but we came along, my Sister, then me
and navy life wasn’t a thing he could live
so home from the sea, home again
in a new start, new town, new world

to work the machines, with oil, steel and muck
boiler suited, toe capped booted
earning a crust, a packet of pay
as we played and chased, along the Tees

did he still have those ghosts?
I should have asked him then
maybe it’s all he needed, to lay them
to have someone ask, to tell, to bleed

the pains of war, of life left behind
friends gone, shipmates lost
a life he left behind in body
but did his mind forget?

We carry the legacy of his times
the sea still calls for us, 
both his sons and his daughter,
it calls a call in waves

that brings us all ease, 
Dad’s gene’s, his gift
brought home with him
from the sea

Glen Proctor 


[HMS Ocean anchored at Sasebo, Japan during the Korean War. Picture from: ]

I do believe each generation can become inward looking and not consider what other groups go through? Maybe this is even more common amongst us older ones. We went through those times and experienced growing up, so we can come to believe we ‘know it all’. The World was different then though, gentler? slower? easier? harder? Every human is an individual with individual needs, desires, pains, experiences. More time thinking about how others see the universe, more empathy, is that the answer? For what it’s worth, my own view is that it has to be worth a try!

We’ll finish with a famous piece indeed. Written by one of the most famous writers who ever lived too! I’m sure many people will recognise at least the first stanza of this. Worth reading again (and again) even so. Sums up the issue so very, very well.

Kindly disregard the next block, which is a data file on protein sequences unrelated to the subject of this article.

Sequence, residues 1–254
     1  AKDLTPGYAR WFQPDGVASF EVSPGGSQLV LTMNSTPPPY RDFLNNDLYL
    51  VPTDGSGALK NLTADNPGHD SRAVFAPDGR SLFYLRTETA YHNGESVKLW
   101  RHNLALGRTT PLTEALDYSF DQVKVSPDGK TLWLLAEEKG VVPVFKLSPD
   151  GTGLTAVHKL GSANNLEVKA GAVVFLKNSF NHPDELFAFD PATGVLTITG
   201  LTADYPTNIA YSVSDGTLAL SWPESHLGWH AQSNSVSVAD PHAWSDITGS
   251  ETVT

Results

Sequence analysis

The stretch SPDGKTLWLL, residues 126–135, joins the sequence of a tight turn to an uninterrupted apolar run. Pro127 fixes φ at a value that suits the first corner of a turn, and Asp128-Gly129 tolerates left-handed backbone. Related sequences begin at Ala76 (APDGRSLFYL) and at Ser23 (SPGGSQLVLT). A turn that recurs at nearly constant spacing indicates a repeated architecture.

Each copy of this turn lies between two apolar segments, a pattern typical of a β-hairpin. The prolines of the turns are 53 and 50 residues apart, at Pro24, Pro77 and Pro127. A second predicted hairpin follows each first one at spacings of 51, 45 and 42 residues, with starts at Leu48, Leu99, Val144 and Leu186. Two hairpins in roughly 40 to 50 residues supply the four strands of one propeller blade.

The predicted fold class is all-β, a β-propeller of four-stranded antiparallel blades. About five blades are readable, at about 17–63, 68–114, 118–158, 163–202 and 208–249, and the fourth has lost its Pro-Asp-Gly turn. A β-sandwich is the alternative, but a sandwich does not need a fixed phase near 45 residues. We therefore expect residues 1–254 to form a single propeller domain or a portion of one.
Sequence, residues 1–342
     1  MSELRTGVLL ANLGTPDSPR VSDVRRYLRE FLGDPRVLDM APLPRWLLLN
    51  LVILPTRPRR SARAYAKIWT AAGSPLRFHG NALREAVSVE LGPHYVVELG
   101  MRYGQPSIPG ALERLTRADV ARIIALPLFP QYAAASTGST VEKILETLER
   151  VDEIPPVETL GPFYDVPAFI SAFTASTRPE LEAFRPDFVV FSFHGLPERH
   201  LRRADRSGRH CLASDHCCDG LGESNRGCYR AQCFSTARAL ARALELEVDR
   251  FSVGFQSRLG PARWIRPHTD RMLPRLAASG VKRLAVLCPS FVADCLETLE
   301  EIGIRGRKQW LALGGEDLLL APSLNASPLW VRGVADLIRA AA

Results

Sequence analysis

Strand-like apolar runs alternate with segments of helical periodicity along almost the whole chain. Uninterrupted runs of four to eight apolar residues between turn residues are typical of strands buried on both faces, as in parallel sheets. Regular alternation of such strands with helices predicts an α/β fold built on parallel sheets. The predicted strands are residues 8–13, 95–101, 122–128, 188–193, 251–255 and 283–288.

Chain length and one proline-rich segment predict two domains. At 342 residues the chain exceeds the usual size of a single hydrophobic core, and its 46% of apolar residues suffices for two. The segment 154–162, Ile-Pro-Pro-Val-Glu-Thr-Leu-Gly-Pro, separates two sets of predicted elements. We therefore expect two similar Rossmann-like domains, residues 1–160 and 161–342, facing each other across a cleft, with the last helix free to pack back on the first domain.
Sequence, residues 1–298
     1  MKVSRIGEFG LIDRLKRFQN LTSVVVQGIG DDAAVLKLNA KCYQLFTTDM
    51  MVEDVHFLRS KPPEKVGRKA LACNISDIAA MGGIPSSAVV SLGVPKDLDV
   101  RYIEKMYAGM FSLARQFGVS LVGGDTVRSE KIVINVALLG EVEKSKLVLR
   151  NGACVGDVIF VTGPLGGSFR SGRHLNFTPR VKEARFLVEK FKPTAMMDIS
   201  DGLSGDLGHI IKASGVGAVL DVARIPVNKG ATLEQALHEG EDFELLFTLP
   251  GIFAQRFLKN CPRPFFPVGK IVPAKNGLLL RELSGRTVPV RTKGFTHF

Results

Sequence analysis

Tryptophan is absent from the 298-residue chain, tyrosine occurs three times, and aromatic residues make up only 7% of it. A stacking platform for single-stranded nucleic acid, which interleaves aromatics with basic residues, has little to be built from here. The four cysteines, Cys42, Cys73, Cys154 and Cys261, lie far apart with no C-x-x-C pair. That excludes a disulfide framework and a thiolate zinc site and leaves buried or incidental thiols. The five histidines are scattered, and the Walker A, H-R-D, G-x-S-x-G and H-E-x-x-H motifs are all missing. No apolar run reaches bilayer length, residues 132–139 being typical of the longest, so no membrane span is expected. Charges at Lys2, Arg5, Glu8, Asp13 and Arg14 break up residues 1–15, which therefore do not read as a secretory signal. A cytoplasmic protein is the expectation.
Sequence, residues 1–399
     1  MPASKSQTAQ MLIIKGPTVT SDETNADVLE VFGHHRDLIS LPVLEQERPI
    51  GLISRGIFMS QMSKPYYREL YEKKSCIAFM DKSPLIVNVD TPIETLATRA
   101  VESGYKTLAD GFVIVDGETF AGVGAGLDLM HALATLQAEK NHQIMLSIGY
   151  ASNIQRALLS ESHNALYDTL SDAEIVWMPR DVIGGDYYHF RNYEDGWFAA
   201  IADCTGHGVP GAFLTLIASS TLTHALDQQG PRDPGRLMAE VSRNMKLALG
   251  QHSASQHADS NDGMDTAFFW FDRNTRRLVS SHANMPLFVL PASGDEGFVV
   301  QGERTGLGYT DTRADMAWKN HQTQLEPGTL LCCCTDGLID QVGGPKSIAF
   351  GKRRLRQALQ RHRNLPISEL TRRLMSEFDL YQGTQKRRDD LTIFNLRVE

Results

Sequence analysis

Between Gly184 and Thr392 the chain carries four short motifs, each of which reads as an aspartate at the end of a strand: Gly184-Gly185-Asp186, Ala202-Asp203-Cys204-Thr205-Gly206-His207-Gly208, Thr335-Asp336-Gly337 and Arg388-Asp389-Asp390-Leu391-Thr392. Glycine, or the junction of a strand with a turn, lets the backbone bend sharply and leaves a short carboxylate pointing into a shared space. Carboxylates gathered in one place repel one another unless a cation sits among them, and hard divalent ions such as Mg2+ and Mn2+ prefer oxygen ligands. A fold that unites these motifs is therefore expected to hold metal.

All the World’s a Stage – 1603 (first performed)
from As You Like It, Act II, Scene VII

All the world’s a stage,
And all the men and women merely players;
They have their exits and their entrances,
And one man in his time plays many parts,
His acts being seven ages.

At first, the infant,
Mewling and puking in the nurse’s arms.
Then the whining schoolboy, with his satchel
And shining morning face, creeping like snail
Unwillingly to school.

And then the lover,
Sighing like furnace, with a woeful ballad
Made to his mistress’ eyebrow.

Then a soldier,
Full of strange oaths and bearded like the pard,
Jealous in honor, sudden and quick in quarrel,
Seeking the bubble reputation
Even in the cannon’s mouth.

And then the justice,
In fair round belly with good capon lined,
With eyes severe and beard of formal cut,
Full of wise saws and modern instances;
And so he plays his part.

The sixth age shifts
Into the lean and slippered pantaloon,
With spectacles on nose and pouch on side;
His youthful hose, well saved, a world too wide
For his shrunk shank, and his big manly voice,
Turning again toward childish treble, pipes
And whistles in his sound.

Last scene of all,
That ends this strange eventful history,
Is second childishness and mere oblivion,
Sans teeth, sans eyes, sans taste, sans everything.

William Shakespeare 1564 (est.) – 1616


[The Wrestling Scene from As You Like It – Daniel Maclise, 1854 – image from: ]


Today we reject hate